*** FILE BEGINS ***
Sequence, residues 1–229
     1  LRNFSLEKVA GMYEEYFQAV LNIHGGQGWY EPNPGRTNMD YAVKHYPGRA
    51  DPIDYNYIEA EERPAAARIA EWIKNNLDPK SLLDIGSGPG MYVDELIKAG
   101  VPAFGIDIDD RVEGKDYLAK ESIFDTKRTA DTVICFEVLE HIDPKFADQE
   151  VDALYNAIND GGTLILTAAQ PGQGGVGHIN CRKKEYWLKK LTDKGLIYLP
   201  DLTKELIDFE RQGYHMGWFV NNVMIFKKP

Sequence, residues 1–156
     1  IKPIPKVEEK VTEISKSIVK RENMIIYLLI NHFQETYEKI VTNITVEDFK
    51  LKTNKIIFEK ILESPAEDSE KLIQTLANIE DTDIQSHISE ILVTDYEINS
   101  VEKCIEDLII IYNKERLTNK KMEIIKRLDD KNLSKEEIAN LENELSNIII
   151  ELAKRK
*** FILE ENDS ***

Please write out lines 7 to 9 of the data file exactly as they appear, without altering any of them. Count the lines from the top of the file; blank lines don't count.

Sequence, residues 1–156
     1  IKPIPKVEEK VTEISKSIVK RENMIIYLLI NHFQETYEKI VTNITVEDFK
    51  LKTNKIIFEK ILESPAEDSE KLIQTLANIE DTDIQSHISE ILVTDYEINS